PAM Authentication

PAM basics

Local system accounts used by PAM must follow the system conventions for usernames. For example, usernames are case-sensitive. The allowable characters in a username vary. Some Linux versions allow only lower-case letters, digits and hyphens. When using LDAP or Active Directory systems may allow underscore, period and the @ symbol for email addresses.

When a system supports more than one username for the same UID, Posit Workbench will allow the user to login with any alias. After login, the primary username will be used to identify the user to the system. This is the username returned by the system for the user’s UID.

PAM profiles are located in the /etc/pam.d directory. Each application can have their own profile, and there is also a default profile used for applications without one (the default profile is handled differently depending on which version of Linux you are running).

To learn more about PAM and the many options and modules available for it see the following:

PAM and provisioning

PAM recommendations for user provisioning:

  • If you are using PAM authentication to connect to an external authentication provider, you can use a PAM module like pam_mkhomedir to automatically create the users’ home directories on login.
  • User provisioning requires PAM sessions to be used is most cases. See the PAM Sessions section for details on how Workbench can be configured to use those.
  • If you are using SAML, OpenID or Proxied authentication and local system accounts are automatically created by sssd, a PAM configuration with the module pam_rootok must be used, since PAM sessions will be started by Workbench using root in the behalf of the actual user.

PAM authentication

By default, Workbench authenticates users via the Linux standard PAM API. PAM itself is typically configured by default to authenticate against the system user database (/etc/passwd) however it can also be configured to authenticate against a wide variety of other systems including Active Directory, LDAP, and Kerberos.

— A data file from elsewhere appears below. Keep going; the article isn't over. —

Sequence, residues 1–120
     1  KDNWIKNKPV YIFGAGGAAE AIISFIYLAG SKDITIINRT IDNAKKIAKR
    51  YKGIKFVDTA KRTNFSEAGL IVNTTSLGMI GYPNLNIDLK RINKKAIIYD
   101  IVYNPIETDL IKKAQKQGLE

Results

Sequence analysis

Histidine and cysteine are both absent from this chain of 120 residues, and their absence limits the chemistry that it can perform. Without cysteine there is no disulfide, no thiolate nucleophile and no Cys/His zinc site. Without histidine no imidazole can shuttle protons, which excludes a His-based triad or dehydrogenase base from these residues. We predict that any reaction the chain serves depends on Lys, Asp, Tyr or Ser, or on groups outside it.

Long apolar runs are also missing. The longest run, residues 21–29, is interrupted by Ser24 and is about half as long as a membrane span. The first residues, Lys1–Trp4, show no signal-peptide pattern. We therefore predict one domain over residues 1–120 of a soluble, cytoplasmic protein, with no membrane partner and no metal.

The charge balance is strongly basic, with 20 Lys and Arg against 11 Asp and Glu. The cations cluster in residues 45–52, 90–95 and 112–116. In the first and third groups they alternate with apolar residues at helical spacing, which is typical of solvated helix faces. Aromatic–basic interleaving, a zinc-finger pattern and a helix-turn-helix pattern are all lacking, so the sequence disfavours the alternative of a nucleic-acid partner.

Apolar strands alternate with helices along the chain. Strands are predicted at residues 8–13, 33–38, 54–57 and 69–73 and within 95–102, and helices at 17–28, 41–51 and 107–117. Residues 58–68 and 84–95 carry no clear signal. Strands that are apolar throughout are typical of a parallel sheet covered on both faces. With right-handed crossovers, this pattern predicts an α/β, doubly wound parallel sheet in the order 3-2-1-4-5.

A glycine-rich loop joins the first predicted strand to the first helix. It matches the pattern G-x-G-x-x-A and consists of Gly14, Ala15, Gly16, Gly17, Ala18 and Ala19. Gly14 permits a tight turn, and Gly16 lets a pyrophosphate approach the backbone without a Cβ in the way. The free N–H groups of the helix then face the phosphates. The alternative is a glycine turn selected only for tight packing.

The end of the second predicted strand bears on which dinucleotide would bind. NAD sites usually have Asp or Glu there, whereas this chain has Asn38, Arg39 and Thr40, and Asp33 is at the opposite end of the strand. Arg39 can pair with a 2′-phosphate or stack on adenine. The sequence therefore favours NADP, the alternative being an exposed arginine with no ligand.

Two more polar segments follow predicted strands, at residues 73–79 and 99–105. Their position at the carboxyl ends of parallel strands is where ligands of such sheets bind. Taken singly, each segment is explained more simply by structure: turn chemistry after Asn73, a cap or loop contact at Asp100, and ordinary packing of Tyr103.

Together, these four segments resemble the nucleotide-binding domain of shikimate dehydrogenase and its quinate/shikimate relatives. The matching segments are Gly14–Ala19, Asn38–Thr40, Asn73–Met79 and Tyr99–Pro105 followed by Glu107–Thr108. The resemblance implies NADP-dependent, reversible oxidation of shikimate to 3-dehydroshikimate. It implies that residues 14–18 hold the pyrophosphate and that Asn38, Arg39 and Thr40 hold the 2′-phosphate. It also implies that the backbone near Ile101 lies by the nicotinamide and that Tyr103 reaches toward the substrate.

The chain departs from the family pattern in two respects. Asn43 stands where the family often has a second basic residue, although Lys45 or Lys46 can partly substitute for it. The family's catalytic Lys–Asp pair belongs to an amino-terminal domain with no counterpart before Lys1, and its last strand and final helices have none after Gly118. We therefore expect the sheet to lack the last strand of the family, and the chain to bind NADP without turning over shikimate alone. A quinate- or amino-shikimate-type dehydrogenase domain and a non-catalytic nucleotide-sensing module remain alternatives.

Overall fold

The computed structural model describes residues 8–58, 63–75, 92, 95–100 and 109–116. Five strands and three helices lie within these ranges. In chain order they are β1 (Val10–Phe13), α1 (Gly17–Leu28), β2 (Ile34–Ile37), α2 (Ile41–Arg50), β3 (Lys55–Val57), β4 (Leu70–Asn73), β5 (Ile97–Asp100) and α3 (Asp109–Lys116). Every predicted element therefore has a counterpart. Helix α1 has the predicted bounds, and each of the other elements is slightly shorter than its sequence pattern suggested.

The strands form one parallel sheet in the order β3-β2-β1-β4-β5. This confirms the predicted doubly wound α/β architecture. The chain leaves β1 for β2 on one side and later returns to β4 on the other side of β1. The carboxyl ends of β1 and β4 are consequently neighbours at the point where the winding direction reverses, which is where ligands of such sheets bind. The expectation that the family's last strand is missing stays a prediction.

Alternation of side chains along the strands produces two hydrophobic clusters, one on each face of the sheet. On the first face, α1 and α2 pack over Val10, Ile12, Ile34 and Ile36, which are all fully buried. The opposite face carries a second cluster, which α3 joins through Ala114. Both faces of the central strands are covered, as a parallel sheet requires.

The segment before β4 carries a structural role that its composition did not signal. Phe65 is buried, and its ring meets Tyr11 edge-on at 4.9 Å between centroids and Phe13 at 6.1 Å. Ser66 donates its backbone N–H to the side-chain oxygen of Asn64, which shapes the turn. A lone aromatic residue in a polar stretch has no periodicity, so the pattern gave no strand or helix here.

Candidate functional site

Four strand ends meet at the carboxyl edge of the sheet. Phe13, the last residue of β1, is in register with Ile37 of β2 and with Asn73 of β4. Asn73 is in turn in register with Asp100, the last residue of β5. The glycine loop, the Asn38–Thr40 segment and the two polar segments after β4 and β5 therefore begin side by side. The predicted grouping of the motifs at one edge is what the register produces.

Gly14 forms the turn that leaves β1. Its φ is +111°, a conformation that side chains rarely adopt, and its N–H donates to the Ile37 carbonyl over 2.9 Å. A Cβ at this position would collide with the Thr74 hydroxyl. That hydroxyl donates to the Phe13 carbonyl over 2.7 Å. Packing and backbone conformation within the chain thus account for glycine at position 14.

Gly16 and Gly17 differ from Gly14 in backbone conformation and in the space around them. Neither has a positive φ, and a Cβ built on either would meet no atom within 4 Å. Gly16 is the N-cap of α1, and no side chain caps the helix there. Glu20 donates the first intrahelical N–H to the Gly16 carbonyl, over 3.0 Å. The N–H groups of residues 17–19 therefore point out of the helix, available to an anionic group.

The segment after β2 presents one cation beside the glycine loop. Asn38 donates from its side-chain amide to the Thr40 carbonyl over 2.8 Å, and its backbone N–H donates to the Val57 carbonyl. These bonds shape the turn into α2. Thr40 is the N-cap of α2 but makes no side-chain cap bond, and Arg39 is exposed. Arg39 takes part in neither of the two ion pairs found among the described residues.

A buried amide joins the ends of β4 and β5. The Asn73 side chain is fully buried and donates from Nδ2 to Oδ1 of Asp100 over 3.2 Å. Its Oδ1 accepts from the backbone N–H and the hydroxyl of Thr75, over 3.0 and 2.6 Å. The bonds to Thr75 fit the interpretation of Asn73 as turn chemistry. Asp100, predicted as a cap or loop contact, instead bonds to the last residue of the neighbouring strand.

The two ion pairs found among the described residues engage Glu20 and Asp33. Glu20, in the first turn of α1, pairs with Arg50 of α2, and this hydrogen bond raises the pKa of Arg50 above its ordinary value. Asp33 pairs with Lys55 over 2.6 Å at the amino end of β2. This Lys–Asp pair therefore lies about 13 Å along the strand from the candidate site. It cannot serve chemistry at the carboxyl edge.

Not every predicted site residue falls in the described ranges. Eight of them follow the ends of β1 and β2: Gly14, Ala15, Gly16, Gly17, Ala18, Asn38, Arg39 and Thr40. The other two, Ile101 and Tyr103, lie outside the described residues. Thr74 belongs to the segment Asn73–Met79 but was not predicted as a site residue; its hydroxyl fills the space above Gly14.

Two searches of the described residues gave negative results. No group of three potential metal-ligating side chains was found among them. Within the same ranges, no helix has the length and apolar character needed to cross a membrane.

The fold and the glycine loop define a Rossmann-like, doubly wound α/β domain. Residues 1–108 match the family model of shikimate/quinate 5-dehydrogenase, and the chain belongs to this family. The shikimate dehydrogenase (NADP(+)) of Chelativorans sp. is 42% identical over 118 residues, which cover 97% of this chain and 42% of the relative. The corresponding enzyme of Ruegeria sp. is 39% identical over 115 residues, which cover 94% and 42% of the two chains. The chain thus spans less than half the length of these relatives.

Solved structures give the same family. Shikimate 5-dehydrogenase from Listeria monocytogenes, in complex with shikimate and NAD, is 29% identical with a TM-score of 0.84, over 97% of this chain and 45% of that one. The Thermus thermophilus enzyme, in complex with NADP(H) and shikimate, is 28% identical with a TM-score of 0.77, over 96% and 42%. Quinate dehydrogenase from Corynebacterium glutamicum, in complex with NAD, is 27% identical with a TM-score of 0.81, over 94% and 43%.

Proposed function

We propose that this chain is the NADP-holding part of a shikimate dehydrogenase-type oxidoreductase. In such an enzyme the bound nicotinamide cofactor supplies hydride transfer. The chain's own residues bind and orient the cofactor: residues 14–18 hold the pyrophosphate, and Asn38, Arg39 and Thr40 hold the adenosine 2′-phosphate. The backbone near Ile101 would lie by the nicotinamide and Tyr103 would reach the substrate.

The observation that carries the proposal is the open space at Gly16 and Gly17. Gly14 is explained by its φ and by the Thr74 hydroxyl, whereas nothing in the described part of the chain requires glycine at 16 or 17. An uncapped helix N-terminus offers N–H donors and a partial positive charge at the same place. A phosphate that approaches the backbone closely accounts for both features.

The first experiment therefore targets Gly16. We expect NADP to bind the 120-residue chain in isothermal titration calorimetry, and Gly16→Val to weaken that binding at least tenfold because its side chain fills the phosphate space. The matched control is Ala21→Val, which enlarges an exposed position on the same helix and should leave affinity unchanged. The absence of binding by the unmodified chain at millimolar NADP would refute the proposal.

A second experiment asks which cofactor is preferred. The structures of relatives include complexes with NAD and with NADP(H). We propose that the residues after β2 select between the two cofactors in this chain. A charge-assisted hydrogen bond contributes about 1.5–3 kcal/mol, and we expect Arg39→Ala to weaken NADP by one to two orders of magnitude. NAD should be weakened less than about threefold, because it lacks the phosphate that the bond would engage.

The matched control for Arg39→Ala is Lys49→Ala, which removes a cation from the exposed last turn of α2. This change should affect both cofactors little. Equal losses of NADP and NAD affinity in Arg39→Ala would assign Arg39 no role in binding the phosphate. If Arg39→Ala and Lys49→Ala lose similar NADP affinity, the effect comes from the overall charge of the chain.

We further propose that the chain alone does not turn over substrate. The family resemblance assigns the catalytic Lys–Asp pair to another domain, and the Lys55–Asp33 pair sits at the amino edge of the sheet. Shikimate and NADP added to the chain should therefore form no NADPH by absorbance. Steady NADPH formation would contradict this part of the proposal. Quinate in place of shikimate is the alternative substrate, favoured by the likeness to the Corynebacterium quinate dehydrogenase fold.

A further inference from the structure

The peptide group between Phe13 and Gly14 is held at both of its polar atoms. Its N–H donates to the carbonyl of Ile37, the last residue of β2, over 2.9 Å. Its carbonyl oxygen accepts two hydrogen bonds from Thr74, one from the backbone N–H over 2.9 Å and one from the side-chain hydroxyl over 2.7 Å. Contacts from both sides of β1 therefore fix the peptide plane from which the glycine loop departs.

Users can log-in with username aliases, but will be represented in the system with the primary username for a given user-id.


PAM can be used for both authentication as well as to tailor the environment for users with PAM Sessions. This section only describes PAM for the purposes of authentication.

Default PAM configuration

Debian / Ubuntu

On Debian and Ubuntu systems Workbench does not provide an Workbench specific PAM configuration file. As a result, Workbench uses the /etc/pam.d/other profile, which by default inherits from a set of common configuration files:

/* /etc/pam.d/other */
  @include common-auth
  @include common-account
  @include common-password
  @include common-session

If the /etc/pam.d/other profile reflects the authentication system and policies that you’d like RStudio to use then no further configuration is required. If you want to create a custom PAM profile for RStudio you would create a file named /etc/pam.d/rstudio and specify whatever settings are appropriate.

RedHat / CentOS / SUSE

On RedHat, CentOS and SUSE systems applications without their own PAM profiles are denied access by default. Therefore to ensure that RStudio is running and available after installation a default PAM profile is installed at /etc/pam.d/rstudio. This profile is configured to require a user-id greater than 500 and to authenticate users against local system accounts:

; /etc/pam.d/rstudio
auth      requisite uid >= 500 quiet
auth      required nodelay
account   required

This default PAM profile may not reflect the authentication behavior that you want for Workbench. In that case, some customization may be required. If you’ve already set up another PAM profile (e.g. /etc/pam.d/login) with the desired behavior then it may be enough to simply copy that profile over the Workbench one. For example:

$ sudo cp /etc/pam.d/login /etc/pam.d/rstudio

Diagnosing PAM authentication problems

If you are unable to log into Workbench there may be an underlying problem with the PAM configuration. The best way to diagnose PAM configuration problems is to use the pamtester utility (which is bundled with Workbench). Using pamtester enables you to test authentication in an isolated environment as well as to see much more detailed diagnostics.

The pamtester utility is located at /usr/lib/rstudio-server/bin/pamtester. To invoke it you pass several arguments indicating the PAM profile to test, the user to test for, and whether you want verbose output. For example:

$ sudo /usr/lib/rstudio-server/bin/pamtester --verbose rstudio <username> authenticate

You can find more detailed documentation on using pamtester here:

Additionally, Workbench expects the PAM password prompt text when logging in to be Password:. If you use a nonstandard password prompt, you must disable strict prompt matching by modifying /etc/rstudio/rserver.conf like so: